That sounds a little ominous, doesn’t it? It’s not the end of my time on this planet – I hope! – but it is the end of my Reign as Book Fair Lady. Eighteen book fairs, people. I have done eighteen book fairs, although to be honest, the New Book Fair Lady (HI HAYDEE) has really done the lion’s share of the work for the past two as she prepares to fly solo, for her own Reign as Book Fair Lady. Still! Eighteen book fairs is a lot of book fairs.
I remember my eager young self, when I had children in kindergarten and pre-kindergarten, happy to take on this monumental task. The Outgoing Book Fair Lady was asked at a school council meeting if she was sad to be leaving, and she said no, because she was leaving things in MY capable hands. This is exactly how I feel; Haydee is incredibly capable and smart, and I know that the book fair will keep on keeping on, without me.
That’s not to say I didn’t feel a little wistful, knowing it was my last one. I saw all sorts of hulking sixth graders, in all different stages of growth and hygiene, who I knew as kindergarteners – and in some cases, pre-kindergarteners. I saw those kids pick up books on inclusion and bullying and ghost stories, when they once were thrilled with Hot Wheels and Barbie early readers. At recess, one of the teachers asked me to quickly come to the staff room and my first instinct was that something terrible had happened to Jake on the playground; fortunately – and heart-warmingly – I was asked there to receive a beautiful bouquet of flowers from the staff, along with some very kind words about my years as volunteer. I did get pretty teary-eyed, knowing that I only have three months left of being an elementary school parent.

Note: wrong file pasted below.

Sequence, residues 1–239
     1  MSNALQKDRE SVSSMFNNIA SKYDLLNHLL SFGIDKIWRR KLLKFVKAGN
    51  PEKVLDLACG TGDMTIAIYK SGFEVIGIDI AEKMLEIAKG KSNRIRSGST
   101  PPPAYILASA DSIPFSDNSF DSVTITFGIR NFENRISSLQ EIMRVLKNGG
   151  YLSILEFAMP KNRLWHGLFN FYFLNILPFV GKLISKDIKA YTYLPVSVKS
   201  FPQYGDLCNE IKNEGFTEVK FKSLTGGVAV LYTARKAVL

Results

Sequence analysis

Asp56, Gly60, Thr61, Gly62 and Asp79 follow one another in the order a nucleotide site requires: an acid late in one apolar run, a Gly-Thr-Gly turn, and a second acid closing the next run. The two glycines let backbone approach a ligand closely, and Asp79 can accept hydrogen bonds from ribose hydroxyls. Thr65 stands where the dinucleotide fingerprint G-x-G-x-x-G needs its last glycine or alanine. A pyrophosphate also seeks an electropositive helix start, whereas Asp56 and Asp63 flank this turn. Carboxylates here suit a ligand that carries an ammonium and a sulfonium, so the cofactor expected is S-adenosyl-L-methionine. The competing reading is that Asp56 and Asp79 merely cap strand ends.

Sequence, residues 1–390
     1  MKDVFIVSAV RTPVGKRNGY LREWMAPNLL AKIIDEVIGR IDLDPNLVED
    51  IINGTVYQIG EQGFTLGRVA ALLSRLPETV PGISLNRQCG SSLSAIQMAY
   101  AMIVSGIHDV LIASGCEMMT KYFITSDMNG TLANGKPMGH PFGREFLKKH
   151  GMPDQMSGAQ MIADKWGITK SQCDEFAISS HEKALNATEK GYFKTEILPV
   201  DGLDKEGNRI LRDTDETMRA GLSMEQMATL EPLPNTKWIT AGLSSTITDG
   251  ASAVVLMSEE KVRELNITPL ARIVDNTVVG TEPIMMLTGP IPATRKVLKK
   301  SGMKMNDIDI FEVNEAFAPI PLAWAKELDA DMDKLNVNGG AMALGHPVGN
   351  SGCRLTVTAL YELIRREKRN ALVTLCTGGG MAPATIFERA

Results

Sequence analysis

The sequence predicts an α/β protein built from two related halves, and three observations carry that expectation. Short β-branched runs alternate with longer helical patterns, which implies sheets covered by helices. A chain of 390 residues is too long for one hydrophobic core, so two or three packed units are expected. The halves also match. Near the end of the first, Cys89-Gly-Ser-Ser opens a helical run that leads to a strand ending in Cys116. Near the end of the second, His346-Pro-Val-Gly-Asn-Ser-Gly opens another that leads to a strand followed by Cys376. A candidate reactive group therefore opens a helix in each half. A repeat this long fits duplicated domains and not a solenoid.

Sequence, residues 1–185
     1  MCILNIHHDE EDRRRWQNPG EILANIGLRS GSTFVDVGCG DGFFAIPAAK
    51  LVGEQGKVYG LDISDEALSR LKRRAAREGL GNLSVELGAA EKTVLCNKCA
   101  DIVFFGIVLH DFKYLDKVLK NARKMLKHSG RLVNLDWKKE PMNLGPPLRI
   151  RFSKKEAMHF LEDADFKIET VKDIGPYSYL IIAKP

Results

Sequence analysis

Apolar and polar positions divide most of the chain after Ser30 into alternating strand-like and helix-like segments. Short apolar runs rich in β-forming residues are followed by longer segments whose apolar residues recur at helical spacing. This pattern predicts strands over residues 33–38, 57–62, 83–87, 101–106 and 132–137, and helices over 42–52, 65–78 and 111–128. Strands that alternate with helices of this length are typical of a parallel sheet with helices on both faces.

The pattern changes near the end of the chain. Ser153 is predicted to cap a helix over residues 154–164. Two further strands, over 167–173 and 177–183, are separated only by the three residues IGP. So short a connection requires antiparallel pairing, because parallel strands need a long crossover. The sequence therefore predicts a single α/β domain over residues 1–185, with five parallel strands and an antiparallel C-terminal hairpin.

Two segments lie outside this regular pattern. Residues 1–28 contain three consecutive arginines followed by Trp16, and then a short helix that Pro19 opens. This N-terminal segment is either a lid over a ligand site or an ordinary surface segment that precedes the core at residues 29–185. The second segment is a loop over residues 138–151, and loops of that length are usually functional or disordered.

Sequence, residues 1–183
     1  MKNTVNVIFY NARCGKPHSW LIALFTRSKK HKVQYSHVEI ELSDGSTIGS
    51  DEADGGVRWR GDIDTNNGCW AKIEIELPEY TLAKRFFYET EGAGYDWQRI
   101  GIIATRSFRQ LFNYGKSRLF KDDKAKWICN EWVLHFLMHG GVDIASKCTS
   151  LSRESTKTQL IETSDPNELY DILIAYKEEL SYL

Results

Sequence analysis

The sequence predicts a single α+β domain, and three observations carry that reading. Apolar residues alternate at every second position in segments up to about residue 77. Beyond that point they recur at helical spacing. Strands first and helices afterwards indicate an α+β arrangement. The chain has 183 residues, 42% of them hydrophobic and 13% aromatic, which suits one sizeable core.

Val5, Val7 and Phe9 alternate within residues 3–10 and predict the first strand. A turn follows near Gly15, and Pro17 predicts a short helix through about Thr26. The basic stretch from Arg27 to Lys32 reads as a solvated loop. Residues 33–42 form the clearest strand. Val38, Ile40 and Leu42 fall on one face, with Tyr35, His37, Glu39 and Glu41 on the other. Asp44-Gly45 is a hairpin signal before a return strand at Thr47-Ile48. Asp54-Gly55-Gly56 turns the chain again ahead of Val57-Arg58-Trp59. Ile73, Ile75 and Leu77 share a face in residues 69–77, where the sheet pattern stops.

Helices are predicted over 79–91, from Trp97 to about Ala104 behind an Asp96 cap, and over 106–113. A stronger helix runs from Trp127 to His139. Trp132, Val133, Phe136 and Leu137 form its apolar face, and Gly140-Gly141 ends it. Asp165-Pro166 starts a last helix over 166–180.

I know there are many people who think ill of Scholastic book fairs, due to marketing and branded leveled readers, and the plethora of cheaply-made boutique items, sold at a huge margin. However, if I had to do it all again I would. During my eighteen fairs, we raised over $62,000 for the school. This money went to the library, classrooms, the English as a Learned Language program, and the home reading program. Some books were even Brailled for the vision students. I feel very good about that. I tried to be sensitive to different financial situations, and for a few years had implemented a program for teachers to discreetly “draw” certain names that would “win” a book. Even when I was tired and exhausted, the sheer excitement of the kids would buoy me up.
Onward and upward! For all the feel-good moments, there are a lot of things I won’t miss. For example, I saw a child touch everything – absolutely everything – on the eraser and bookmark display, right after he had his finger up his nose. I also won’t miss being handed disturbingly warm and damp coins and bills. I won’t miss tears from small children who desperately WANT to re-order a book, but cannot remember a single word in the title, rendering their efforts completely useless. “It has a puppy on the cover,” they might say, vaguely, or “I think there was a car. Or maybe a train.”
But there is – strangely – one thing I will miss: the incessant questions about how much the posters cost. I do not know how many times I was asked that question, since 2009, but I feel that it must be in the millions. And yet, this last fair, I smiled every single time. Five dollars. Yes, that one too! The puppy poster is also five dollars. The half-man half-pig all-zombie poster? Also five dollars. This poster, that I had cleverly hung on the door of the fair, because I have my finger on the elementary-school-humour-pulse?
Maybe I’ll just get someone to semi-annually ask me how much the posters cost, for twelve straight hours.
And as god – and Haydee – is my witness, the very last question I was asked as I slipped my coat on to head out after my shift, the very last one, was “Do you have a lot of those Lamborghini posters left? And how much do the posters cost?”
It was a fitting end to my Book Fair Days.